From Kakadu to Uluru, from Darwin to the outback, the Northern Territory has stirring landscapes, abundant wildlife and a soulful Indigenous story.
Call that Australia? This is Australia. Ever since Crocodile Dundee brought Kakadu to the world's attention, the Northern Territory has been on the radar for its impressive portfolio of quintessentially Aussie landforms: Uluru and Kata Tjuta rising improbably from the desert; the great sandstone escarpments and pristine coastline of Arnhem Land; and the vast (and we mean vast) stretches of outback flecked with sand dunes, gravel plains and monsoonal mangroves. Perhaps more than anywhere else in the country, it's hard to escape the feeling that here lies eternity, and that human beings are very much secondary to all that wild beauty.
Native Australian Wildlife
The Northern Territory's astonishing and varied terrain provides habitat for some of the last and largest surviving populations of native wildlife in the country, animating an ancient and thinly populated land. Kakadu is the obvious star, whether for birding or mammals or saltwater crocs in the East Alligator River. The West MacDonnell Ranges, Uluru-Kata Tjuta National Park and Pungalina–Seven Emu Wildlife Sanctuary are all very different, but each offers the chance to witness Australia's charismatic fauna. And way up north, in the remote Cobourg Peninsula, marine mammals and sea turtles add depth and excitement.
If wildlife animates the Australian outback, it is the Territory's Indigenous population that gives it soul. And unlike elsewhere in Australia, it's relatively easy here to cross the cultural frontier and meet Indigenous people on their terms. It could happen when your Indigenous guide takes you on an intimate exploration of country. Or as you sit in quiet conversation with artists at work in one of the Territory's many Indigenous art centres. Or when you lose yourself in the rituals and ceremonies of an Indigenous festival. Wherever it happens, it will provide some of the more special memories from your time here.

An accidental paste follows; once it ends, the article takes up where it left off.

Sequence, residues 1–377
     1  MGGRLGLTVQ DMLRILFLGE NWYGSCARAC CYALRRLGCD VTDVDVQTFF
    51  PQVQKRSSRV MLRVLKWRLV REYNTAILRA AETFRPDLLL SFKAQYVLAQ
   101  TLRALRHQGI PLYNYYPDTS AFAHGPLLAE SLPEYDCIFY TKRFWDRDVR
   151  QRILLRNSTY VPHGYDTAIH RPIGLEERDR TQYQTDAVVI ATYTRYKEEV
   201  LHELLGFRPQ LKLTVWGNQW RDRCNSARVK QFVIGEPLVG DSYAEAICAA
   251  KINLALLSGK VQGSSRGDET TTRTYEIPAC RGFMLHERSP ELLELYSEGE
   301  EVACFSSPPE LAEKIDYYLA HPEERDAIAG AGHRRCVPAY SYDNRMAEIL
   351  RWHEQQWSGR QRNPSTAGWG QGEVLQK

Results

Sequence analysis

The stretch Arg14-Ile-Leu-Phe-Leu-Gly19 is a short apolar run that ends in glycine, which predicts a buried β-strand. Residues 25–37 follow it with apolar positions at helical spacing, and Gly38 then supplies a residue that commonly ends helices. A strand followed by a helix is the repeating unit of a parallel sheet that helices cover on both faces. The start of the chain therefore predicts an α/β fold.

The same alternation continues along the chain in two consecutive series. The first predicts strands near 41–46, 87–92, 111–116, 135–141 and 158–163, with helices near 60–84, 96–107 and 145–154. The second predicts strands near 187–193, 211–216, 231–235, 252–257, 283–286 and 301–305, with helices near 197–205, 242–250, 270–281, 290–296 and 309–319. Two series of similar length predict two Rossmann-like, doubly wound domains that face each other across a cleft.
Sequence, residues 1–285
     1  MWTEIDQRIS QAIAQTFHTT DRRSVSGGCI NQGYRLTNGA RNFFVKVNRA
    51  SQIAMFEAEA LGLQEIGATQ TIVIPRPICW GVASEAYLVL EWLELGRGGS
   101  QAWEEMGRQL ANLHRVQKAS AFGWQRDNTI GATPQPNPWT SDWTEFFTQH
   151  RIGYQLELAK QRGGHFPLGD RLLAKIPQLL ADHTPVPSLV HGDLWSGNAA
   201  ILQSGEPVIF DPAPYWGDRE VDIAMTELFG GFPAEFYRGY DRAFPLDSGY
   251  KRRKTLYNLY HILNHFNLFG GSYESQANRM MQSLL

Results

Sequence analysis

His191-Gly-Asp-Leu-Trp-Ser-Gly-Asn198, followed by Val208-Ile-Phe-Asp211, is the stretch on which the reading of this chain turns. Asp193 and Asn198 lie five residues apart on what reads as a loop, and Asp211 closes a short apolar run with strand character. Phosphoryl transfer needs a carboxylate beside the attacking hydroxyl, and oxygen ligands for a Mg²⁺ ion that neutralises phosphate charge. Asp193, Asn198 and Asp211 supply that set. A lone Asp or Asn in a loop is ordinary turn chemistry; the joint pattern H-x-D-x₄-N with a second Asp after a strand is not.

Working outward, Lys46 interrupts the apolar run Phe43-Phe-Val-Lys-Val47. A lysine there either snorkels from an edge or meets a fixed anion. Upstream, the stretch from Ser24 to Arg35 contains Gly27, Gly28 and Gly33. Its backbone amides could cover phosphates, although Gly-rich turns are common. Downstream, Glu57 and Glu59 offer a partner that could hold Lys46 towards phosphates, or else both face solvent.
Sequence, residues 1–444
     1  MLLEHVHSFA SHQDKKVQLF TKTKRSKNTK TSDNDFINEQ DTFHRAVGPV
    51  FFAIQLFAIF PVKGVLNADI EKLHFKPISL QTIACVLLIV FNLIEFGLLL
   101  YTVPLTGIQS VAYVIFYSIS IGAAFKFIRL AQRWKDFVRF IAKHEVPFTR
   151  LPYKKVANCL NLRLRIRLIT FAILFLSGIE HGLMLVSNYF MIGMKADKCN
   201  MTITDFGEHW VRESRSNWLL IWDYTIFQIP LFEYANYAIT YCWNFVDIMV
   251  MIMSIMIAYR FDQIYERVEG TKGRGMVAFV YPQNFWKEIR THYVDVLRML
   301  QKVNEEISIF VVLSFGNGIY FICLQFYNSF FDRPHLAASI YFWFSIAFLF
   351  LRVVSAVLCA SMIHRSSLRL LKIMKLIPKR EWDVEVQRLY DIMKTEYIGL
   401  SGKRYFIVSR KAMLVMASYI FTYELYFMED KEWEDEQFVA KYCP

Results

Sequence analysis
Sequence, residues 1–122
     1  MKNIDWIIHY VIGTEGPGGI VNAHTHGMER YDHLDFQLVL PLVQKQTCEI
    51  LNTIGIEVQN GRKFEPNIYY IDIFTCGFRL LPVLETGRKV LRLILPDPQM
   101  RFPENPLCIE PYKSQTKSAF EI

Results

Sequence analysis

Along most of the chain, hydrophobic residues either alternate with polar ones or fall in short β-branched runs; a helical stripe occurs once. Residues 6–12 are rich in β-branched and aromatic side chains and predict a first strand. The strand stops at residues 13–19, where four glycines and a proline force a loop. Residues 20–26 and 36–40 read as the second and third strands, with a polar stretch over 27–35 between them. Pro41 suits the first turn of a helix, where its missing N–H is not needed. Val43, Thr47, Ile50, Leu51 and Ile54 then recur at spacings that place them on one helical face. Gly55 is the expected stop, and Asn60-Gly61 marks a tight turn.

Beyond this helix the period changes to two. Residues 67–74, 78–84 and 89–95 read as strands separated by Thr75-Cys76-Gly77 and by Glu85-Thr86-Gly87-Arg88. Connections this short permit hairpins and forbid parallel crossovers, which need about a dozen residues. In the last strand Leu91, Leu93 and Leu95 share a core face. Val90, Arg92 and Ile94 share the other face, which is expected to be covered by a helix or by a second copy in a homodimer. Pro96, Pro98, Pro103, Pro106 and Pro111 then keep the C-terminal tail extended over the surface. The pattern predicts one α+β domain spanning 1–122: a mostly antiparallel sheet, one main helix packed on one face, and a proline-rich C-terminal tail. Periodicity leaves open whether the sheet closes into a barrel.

While it's easy to identify the more obvious elements of the outback's appeal, there's one thing that's less easy to quantify: its strange, almost mystical allure. There's something about this place, an intangible call that defies easy explanation, something spiritual that echoes through so many moments out here. You'll feel it when you first lay eyes on the Rock, as the sun dips below the horizon beyond the escarpments of Kakadu, and when you stop in the middle of nowhere and find yourself enveloped by silence. In such moments lies the mysterious call of the outback.
These are our favorite local haunts, touristy spots, and hidden gems throughout Northern Territory.
No journey to Uluru-Kata Tjuta National Park is complete without a visit to Kata Tjuta, a striking group of domed rocks huddled together about 35km west of Uluru. There are 36 boulders shoulder to shoulder, forming deep valleys and steep-sided gorges. Many visitors find them just as captivating as their prominent neighbour.